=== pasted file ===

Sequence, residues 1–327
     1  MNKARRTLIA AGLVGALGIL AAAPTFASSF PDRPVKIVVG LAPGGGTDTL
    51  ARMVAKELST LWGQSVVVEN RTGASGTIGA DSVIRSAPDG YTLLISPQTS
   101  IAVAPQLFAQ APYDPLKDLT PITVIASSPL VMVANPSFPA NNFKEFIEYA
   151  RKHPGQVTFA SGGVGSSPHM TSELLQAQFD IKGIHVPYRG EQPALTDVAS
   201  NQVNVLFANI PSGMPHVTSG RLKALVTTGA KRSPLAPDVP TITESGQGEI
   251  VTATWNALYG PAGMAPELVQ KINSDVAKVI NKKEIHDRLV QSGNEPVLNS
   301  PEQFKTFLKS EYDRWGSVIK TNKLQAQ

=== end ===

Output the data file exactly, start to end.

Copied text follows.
Sequence, residues 1–327
     1  MNKARRTLIA AGLVGALGIL AAAPTFASSF PDRPVKIVVG LAPGGGTDTL
    51  ARMVAKELST LWGQSVVVEN RTGASGTIGA DSVIRSAPDG YTLLISPQTS
   101  IAVAPQLFAQ APYDPLKDLT PITVIASSPL VMVANPSFPA NNFKEFIEYA
   151  RKHPGQVTFA SGGVGSSPHM TSELLQAQFD IKGIHVPYRG EQPALTDVAS
   201  NQVNVLFANI PSGMPHVTSG RLKALVTTGA KRSPLAPDVP TITESGQGEI
   251  VTATWNALYG PAGMAPELVQ KINSDVAKVI NKKEIHDRLV QSGNEPVLNS
   301  PEQFKTFLKS EYDRWGSVIK TNKLQAQ